Before the city of Holyoke was incorporated in 1850, this area was known as Ireland Parish, a section of the city of Springfield. Many of those early Irish immigrants were from Northern Ireland and were Protestants. In December of 1849, the Rev. Henry W. Adams delivered the first documented Episcopal service in Ireland Parish’s newly organized Trinity Church. With a mere 3,000 residents, the city simply could not sustain an Episcopal church, and the rector resigned after only five months. The treasurer paid the church’s initial debts with his own money.
And then things began to grow exponentially from 1848 to 1863, with the completion of the Holyoke dam and the paper and textile mills for which the city is famous. New industries attracted new citizens, and many of them came from England. On August 30, 1863, an Episcopal service was held in Exchange Hall, located south of Lyman Street on the west side of High Street with visiting clergymen from Westfield, MA, and Connecticut officiating. On October 12, 1863 St. Paul’s Church was formally organized with a constitution and canons adopted. The names of the original founders are those of the founders of Holyoke: Hancock, Mackintosh, Chase, Orcutt, Flanders, Ward, Grover, Davis.
For the next two years the church met in a building on Maple Street provided by Mr. Davis, the agent for the Hadley Company Spool Cotton Manufacturing, and the Lyman Mills. The first rector was the Rev. Joseph Kidder who arrived on December 17, 1863. His annual salary was $900, which was $300 less than the sum gathered for renting the pews. The first baptism was celebrated on Whitsunday (Pentecost), May 15, 1864 using the Portland Stone font donated by Miss Fannie Bartholomew of Hartford, CT. That font now stands near the doors of the present church.
The next rector arrived in November of 1864, and the Rev. O. H. Dutton’s inspirational sermons were so well regarded that he was chosen to preach at the combined Holyoke services on the death of President Lincoln. The church was growing, and it moved to a cloth room in the Lyman Mills and then to the Engine House of Lyman Mills on High Street. By July, 1866 the church laid a cornerstone for the first St. Paul’s Church building on a lot located at the southeast corner of Maple and Suffolk Streets, given by the Holyoke Water Power Company. The first church was built of stone from locally quarried rock, and was completed on February 9, 1868. The new church featured a $3000 organ donated by J. G. Mackintosh with the stipulation that he play at the Sunday services. A choir followed in 1875 and St. Paul’s has enjoyed the inspiration of an adult choir and organ music ever since.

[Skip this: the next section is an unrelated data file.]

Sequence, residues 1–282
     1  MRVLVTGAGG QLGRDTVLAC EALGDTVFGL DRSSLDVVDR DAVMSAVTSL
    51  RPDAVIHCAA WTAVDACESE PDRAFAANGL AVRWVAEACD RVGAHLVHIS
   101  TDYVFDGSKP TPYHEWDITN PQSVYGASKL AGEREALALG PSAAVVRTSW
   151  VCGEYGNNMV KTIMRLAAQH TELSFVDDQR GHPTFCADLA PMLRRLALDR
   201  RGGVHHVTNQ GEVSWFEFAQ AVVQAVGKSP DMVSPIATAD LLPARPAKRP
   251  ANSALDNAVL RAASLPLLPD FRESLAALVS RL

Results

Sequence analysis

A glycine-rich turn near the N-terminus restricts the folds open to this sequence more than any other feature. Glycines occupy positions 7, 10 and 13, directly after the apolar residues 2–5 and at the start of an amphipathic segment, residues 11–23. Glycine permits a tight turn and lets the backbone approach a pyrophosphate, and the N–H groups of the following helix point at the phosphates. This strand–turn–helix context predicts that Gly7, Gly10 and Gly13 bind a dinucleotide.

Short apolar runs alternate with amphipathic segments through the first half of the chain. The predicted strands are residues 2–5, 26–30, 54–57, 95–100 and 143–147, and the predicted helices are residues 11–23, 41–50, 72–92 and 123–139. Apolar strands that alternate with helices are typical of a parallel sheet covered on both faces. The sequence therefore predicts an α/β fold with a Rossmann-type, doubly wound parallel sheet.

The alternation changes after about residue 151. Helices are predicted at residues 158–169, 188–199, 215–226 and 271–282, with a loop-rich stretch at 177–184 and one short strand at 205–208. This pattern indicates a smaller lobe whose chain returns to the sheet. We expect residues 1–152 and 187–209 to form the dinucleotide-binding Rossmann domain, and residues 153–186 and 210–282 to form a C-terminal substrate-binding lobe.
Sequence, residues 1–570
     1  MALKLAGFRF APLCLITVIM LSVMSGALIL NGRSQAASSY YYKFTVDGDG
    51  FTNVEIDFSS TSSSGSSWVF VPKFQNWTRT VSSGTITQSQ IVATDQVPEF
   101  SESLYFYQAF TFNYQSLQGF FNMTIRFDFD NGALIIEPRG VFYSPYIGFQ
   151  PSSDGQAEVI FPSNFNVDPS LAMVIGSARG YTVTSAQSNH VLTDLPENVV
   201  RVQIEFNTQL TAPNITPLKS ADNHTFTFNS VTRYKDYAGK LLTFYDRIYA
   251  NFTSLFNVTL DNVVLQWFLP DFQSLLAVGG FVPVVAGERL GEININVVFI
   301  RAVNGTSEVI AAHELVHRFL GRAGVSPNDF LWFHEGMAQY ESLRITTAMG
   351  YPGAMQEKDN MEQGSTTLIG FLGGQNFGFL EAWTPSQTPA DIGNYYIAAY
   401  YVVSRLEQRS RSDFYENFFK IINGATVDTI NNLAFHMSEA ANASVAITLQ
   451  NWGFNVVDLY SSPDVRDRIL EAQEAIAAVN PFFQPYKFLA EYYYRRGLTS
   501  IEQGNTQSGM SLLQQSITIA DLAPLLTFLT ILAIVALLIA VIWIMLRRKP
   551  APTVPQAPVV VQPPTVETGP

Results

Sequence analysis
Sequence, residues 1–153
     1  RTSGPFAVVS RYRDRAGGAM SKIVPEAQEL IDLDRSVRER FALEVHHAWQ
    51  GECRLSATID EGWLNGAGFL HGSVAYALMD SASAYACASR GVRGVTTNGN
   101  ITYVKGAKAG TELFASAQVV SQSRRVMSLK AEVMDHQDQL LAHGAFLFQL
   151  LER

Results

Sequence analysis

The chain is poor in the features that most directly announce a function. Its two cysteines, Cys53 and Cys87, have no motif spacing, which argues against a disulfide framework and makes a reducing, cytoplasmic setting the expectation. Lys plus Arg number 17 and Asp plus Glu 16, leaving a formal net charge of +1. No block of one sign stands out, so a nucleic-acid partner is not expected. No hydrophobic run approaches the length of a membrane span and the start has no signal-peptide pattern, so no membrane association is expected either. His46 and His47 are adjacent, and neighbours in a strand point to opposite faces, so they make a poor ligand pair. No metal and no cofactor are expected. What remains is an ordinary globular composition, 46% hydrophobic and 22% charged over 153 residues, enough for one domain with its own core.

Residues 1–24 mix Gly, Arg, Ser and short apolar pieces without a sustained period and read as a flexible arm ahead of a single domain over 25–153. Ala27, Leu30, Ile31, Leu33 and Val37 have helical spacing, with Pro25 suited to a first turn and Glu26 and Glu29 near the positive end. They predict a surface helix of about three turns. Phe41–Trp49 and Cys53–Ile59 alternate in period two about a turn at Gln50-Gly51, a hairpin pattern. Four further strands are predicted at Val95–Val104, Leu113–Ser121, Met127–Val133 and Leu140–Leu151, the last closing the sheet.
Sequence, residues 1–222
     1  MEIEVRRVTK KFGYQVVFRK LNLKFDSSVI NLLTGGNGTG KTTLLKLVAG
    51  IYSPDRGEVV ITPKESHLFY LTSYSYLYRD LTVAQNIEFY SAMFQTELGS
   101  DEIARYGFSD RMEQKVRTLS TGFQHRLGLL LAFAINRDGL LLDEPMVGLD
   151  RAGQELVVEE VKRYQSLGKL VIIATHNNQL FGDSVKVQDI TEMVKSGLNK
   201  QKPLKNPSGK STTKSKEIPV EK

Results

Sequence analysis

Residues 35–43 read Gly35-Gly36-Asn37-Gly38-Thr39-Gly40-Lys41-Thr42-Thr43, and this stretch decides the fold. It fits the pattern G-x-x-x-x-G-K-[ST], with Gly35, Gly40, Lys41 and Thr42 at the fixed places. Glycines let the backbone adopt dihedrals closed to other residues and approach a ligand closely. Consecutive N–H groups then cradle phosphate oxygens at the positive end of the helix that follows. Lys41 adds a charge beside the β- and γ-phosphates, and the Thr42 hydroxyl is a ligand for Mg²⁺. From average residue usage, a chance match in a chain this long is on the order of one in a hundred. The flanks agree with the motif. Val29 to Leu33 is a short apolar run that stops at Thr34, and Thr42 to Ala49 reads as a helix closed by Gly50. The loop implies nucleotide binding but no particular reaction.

On January 20, 1891 leftover Christmas greens came into contact with a gaslight, and the church was severely damaged in a fire. The people of St. Paul’s worshiped at the Holyoke Opera House as they made plans to rebuild. They decided to move to the Highlands and purchased a lot from the Holyoke Water Power Company this time, on the corner of Appleton and Linden Streets, for $25,000. The cornerstone of the present church was laid on October 10, 1903.
On Thanksgiving Day the following year the first service was held in the new stone church on Appleton Street. The cost of the buildings totaled $50,922.40. The church was consecrated almost a year later in October of 1905, two full years after its first stone had been laid and 42 years to the day since its formal organization. The present church was designed and built by Frank Dibble, a local builder who also constructed the Holyoke Public Library. Inside the church the walls are covered in deep red brick with stone pillars holding up the wood-clad ceiling. In the chancel stands a sculpture of Christ seated in heaven, holding the book of life in which the faithful are enrolled. Carved of Caen stone from France, it is said to weigh 6 tons. Before it is a black cross, designed by the rector in the late 1950’s, the late Rev. David Evans, who was responsible for significant alterations to the chancel. Two large windows in the transepts of St. Paul’s are beautiful and impressive, not made by Tiffany but in the style of that artist and time. Other windows throughout the church depict saints and scenes in the rich colors of the Gothic style. A carved wooden credence table and bishop’s chair match the original oak pulpit and lectern.
Over the years changes had been made to the church buildings. In 1931 the second floor addition to the Parish House was made, and the first renovations to the church building came in 1942. More additions and renovations came during the time of the Rev. James Madison, who, during the 1950s arranged busing for Mt. Holyoke students and faculty so they might attend St. Paul’s. He later founded the student chapel that became All Saints Church, South Hadley. The church building underwent further renovations and upgrades in the 1980s. New carpeting was installed and the slate roofs were restored. New windows were added here and there, spectacular examples of creativity and color. The tower masonry was restored in 2010 as were the flat roofs of the various buildings.